Like many other theatrical folks, I often find myself trying to produce a high quality set for a tiny fraction of what it should really cost. I thought I would try to put into words the thought process used to make this a reality.
When I do a set design I usually approach the project with 3 basic ideas or thoughts in mind.
1. What does the script really require?
2. What is the most important scene(s) to the script and the director?
3. What materials do I have onhand or available to work with?
First is always script analysis and discussion with the director. When looking at a script I always ask myself “What do I really NEED?”. While this seems obvious, often times we get bogged down with what we would LIKE to see or do for the piece versus what we NEED. I think it also matters depending upon the theatre space available and the flow of the script – for example: if the scene plays for only a few short minutes, why is it there? Was it meant to “cover” a larger scene change upstage? What is the easiest way to change the scenery for this scene? If I am working in a modified thrust space with no fly space and no wing space I must find ways to use smaller wagons or pieces with less individual depth to build bigger full stage looks. If I am in a traditional proscenium space with flys why not use that to my advantage. In both cases a simple painted drop will often work best whether flown or roll-droped. In a recent production of “Paint Your Wagon” I used a downstage roll drop in a modified thrust to cover larger set changes upstage and provide a “default” background for the apron without resorting to an act or house curtain.
Second I meet with the director and beyond the usual conceptual questions I try to find out what are the most important things they see in the script. What scenes matter most and how “big” do they want to play them? If we are doing wagons, can they play off of them? If the script says “on the street” and “another part of the street” and “center of town” can we consolodate them all into one location? By doing this I can SOMETIMES eliminate redundant type sets and locations and spend more time on fewer set pieces.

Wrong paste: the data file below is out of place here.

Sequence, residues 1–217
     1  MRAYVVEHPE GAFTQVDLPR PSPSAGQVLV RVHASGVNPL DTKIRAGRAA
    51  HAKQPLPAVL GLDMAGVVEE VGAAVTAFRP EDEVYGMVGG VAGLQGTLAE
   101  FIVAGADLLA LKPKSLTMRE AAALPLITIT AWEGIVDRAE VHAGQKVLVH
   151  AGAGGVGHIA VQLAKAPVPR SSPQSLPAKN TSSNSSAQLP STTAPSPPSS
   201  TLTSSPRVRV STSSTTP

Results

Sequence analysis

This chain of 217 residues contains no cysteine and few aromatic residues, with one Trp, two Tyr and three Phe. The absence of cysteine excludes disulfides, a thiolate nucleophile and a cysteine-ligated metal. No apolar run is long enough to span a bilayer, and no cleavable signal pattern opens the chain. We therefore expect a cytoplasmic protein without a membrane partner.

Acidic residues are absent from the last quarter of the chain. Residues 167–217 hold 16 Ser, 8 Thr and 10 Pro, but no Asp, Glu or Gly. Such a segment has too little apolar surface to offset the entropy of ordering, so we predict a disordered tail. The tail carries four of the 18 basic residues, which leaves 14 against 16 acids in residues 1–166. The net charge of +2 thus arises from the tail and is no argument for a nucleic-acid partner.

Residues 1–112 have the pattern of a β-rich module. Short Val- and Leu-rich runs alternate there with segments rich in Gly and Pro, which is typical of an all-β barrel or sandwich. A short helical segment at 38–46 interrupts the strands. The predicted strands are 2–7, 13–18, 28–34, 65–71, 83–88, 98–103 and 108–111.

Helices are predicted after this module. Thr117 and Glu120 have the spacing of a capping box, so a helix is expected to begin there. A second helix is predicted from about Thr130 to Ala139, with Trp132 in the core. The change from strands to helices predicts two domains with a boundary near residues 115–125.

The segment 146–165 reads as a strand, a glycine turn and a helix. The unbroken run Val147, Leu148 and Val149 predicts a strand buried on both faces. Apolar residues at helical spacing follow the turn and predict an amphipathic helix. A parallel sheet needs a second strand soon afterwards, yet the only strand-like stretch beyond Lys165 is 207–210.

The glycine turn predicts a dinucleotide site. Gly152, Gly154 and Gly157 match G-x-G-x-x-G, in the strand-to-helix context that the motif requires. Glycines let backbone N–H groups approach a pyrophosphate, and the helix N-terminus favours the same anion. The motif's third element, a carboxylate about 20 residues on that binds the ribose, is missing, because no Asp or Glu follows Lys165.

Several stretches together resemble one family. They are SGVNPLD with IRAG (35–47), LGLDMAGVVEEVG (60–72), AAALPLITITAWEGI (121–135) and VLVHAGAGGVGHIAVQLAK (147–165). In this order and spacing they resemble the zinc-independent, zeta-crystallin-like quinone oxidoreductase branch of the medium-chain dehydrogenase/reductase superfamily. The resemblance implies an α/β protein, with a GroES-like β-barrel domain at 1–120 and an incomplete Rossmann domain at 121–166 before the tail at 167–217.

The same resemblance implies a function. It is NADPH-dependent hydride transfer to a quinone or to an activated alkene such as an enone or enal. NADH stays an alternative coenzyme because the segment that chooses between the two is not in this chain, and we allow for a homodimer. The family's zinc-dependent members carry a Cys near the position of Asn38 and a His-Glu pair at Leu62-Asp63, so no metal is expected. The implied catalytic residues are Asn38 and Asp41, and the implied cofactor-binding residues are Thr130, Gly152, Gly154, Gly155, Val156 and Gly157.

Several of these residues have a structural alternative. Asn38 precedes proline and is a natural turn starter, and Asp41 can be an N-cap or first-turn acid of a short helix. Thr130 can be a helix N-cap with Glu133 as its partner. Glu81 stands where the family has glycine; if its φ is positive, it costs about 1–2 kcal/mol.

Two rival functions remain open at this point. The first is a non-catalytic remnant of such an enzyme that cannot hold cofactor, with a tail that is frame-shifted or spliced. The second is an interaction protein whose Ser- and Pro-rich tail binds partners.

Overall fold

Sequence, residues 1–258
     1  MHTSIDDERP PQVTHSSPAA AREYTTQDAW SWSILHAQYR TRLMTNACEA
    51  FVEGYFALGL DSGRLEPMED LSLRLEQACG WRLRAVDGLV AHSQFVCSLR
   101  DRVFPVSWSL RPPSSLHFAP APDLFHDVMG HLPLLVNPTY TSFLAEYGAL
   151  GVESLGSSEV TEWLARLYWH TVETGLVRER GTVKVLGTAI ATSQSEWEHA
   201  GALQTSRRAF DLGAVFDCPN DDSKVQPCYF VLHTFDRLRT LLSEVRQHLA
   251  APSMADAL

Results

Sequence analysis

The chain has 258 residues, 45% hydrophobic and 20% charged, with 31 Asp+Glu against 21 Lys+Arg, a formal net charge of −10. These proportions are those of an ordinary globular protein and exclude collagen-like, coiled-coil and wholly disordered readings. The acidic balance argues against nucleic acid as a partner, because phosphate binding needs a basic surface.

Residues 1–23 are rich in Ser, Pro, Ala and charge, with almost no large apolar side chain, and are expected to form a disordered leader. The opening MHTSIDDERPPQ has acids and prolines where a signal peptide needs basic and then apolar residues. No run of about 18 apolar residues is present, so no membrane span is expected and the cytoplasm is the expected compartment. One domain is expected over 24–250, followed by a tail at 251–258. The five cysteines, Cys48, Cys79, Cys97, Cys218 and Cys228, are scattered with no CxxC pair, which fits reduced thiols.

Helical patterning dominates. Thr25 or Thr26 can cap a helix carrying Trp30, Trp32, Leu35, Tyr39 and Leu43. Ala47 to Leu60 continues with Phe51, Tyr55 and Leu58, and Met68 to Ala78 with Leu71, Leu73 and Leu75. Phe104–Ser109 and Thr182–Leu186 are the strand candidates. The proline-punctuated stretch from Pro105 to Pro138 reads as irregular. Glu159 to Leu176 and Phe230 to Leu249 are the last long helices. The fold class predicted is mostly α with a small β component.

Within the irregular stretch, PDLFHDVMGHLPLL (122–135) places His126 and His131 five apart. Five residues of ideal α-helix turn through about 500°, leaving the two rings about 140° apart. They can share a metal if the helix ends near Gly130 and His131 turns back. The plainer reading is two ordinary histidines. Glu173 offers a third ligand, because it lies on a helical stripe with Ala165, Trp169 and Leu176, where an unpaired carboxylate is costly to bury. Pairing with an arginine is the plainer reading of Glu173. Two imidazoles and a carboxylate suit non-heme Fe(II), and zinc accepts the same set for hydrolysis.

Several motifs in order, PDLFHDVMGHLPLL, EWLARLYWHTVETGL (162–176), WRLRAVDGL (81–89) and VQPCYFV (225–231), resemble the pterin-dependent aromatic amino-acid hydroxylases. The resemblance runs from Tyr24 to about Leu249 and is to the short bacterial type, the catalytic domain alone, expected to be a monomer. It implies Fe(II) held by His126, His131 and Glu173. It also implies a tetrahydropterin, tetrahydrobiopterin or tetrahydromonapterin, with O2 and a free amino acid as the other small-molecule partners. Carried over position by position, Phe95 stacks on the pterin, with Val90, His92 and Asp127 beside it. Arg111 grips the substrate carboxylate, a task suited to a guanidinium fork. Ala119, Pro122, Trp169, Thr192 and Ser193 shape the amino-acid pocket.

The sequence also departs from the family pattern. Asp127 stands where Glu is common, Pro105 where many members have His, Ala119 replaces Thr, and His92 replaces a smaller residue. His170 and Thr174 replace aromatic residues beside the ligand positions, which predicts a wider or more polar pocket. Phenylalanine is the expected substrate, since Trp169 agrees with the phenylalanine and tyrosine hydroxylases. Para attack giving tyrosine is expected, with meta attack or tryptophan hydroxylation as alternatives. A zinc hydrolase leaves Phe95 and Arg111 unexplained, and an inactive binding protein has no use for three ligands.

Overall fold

Thirdly I always consider what stock I have to work with. This may sound simple but this is usually the biggest difference in working on a budget. I always try to think ahead to the next show or next season. How can I best spend whatever budget I have for this show so I can reduce how much will end up in the dumpster at strike. We save lots of stuff from shows in hopes we can reuse everything from windows and doors to trim pieces to leftover plywood or stick lumber. When I design I try and make the show fit the stock rather than the stock fit the show.
Does that door really HAVE to be 36″ six panel or will a 30″ six panel work? I always try to keep as many doors and windows the same as possible this includes the flats they mount into. I try to design as much from stock as possible and really evaluate anything that has to be custom built. Should I really spend the money on building this versus using something I already have in stock? We recently built a set for “Into the Woods” in a proscenium theatre that featured a 24″ turntable with different platforms on top, a moveable stair/platform unit that mated with the turntable in several different ways, a huge upstage groundrow type piece like a huge tree trunk with an opening for “mother’s tree” as well as 3 wagons for the prologue and 2 cut tree portals and 2 sets of flown tree trunks, not to mention rapunzel’s tower -all this on a $1000 materials budget. Heres the breakdown: We had the turntable frame and top, all the platforming, the tree portals, the basic structure of the groundrow, the casters, and some of the support lumber in stock. We spent most of our budget on lauan, paint, some framing lumber, and fabric to cover all the platforming to make it look like rock. It sometimes pays to be a packrat! We keep just about anything that we have room for and really only clean house at the end of the season. For that show only the tree trunks (lauan), tower profile(lauan) and groundrow profile(lauan) ended up in the dumpster.
It all comes down to where you put your priorities and how much you think for the future. I did a full box set for “Odd Couple” on $400 last year – small kitchen, working windows, two level set, crown moulding etc. We spent almost $100 of our budget just for the crown! I love box sets because they go up quickly too. Most all of the show was pulled from stock and put up in an afternoon.
There are ways to do this art on a budget but to really be sucessful you have to think ahead, plan ahead, and work on the necessities first!